“Sometimes we’re close, sometimes we’re not,” says Casey. “Sometimes we hate each other like siblings do. We’re very different in a lot of ways, and we’re really too much alike in a lot of ways. We know each other so well that it’s hard to fool each other. A lot of people go through their life wearing different masks. You want to get into movies, so you tend to be this guy who drives fancy cars and dates starlets but that’s not who you are, and then you want to get into politics and do this and do that. I can see the masks where other people don’t on him, and he can see when I’m pretending as well. So it makes it sometimes tumultuous. But we also love each other and make each other laugh harder than anyone else can.”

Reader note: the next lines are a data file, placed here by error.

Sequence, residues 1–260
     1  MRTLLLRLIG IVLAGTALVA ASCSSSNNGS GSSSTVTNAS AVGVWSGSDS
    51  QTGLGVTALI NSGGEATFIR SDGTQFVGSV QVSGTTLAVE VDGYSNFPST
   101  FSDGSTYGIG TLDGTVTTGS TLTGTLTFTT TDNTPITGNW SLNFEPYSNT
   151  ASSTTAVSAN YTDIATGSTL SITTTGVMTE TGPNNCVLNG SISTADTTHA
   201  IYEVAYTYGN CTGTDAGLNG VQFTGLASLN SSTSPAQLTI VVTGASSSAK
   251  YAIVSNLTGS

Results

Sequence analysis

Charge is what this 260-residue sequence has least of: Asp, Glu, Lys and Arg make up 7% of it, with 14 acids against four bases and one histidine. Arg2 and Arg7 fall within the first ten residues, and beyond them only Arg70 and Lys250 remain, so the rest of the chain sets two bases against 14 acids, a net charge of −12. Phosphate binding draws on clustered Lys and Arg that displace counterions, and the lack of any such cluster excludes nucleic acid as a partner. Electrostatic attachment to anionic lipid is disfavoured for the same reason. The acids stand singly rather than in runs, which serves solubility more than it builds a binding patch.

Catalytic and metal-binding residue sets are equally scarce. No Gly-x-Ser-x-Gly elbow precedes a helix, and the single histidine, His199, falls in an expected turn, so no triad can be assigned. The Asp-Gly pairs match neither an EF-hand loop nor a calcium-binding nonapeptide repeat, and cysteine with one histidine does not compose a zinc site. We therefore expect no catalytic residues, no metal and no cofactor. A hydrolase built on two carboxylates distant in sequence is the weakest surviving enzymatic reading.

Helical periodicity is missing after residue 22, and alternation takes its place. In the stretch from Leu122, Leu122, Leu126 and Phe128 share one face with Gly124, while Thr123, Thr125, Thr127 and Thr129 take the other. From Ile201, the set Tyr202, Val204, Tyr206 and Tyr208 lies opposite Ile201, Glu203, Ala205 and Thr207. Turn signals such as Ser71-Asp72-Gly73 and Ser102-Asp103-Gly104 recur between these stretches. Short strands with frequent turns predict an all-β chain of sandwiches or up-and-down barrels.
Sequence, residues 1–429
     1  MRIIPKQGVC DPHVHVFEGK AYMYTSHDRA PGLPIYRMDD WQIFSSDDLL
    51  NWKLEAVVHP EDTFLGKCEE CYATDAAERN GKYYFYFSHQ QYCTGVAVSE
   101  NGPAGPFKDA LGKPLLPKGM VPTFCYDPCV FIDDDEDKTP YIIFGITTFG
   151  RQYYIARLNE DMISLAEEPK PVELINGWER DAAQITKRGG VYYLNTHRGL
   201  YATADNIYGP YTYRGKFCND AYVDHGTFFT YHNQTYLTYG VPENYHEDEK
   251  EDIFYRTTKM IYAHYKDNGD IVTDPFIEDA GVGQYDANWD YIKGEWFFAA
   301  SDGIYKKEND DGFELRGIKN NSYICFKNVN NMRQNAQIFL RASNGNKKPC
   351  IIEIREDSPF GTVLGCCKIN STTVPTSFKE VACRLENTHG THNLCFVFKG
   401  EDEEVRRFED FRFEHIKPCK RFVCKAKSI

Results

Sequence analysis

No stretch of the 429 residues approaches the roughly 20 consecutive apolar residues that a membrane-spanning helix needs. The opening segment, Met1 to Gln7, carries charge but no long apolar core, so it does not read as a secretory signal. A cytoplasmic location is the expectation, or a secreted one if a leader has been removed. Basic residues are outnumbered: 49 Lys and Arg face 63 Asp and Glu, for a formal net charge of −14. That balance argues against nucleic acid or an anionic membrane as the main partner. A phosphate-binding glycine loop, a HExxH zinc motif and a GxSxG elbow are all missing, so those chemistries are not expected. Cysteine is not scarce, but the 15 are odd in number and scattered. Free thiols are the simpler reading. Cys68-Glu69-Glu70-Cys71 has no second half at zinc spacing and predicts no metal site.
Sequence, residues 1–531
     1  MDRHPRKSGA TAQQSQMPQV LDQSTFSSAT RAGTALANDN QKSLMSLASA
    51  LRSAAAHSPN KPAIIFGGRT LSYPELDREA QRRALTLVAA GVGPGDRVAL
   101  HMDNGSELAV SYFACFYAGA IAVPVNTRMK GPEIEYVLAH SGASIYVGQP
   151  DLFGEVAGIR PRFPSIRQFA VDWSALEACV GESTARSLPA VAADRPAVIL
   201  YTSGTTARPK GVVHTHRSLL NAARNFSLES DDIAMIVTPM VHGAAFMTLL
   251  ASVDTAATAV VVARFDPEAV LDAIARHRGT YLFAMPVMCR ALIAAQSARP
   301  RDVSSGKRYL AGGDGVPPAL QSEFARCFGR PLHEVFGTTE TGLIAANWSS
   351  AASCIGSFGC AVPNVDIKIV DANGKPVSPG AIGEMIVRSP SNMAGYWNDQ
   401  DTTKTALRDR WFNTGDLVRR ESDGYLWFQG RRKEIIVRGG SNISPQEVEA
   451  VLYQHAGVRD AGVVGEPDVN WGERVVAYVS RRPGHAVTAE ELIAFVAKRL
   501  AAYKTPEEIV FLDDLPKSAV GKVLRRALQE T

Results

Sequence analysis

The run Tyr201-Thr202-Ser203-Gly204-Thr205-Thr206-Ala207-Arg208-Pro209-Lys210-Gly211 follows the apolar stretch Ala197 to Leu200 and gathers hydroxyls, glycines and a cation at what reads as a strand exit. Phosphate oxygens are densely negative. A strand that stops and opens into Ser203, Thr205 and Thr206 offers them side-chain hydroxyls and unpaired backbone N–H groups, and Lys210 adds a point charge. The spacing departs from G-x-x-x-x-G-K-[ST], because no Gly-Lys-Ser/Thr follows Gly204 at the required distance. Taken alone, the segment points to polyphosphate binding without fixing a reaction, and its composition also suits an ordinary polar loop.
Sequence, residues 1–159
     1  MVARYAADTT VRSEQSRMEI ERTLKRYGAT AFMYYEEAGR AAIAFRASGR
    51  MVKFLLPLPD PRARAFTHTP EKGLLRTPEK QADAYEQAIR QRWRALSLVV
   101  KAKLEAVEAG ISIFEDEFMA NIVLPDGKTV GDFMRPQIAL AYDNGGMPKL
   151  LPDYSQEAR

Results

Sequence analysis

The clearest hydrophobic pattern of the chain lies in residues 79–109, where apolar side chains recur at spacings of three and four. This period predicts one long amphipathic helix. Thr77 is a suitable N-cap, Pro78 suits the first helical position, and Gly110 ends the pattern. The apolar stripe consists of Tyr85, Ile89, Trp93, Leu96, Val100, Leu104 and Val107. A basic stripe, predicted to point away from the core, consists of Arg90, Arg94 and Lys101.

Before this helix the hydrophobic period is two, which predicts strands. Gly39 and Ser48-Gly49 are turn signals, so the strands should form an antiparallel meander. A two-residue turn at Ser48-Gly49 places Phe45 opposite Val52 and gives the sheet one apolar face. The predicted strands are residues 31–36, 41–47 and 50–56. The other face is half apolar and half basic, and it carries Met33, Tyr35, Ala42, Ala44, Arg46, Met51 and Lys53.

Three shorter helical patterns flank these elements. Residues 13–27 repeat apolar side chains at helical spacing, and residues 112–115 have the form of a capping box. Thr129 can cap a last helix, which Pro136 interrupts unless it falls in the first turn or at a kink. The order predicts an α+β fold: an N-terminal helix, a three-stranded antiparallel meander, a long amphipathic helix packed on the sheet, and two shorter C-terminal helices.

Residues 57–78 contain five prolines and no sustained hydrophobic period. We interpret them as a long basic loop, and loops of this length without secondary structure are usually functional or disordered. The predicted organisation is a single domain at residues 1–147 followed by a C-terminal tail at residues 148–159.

Over the years, Casey has grown closer to Damon — who has a similar levelheadedness about the bizarre world of celebrity — perhaps even closer than he is to his own brother. “Ben kind of went his own way and doesn’t stay in touch as much. But Matt is better at that,” Casey says carefully. Then he stops. He is uncomfortable with this tack. He knows what he’s implying, and he catches himself. He seems to recall his own thoughts about fame and celebrity and poison ivy and his strong feelings on the value of family.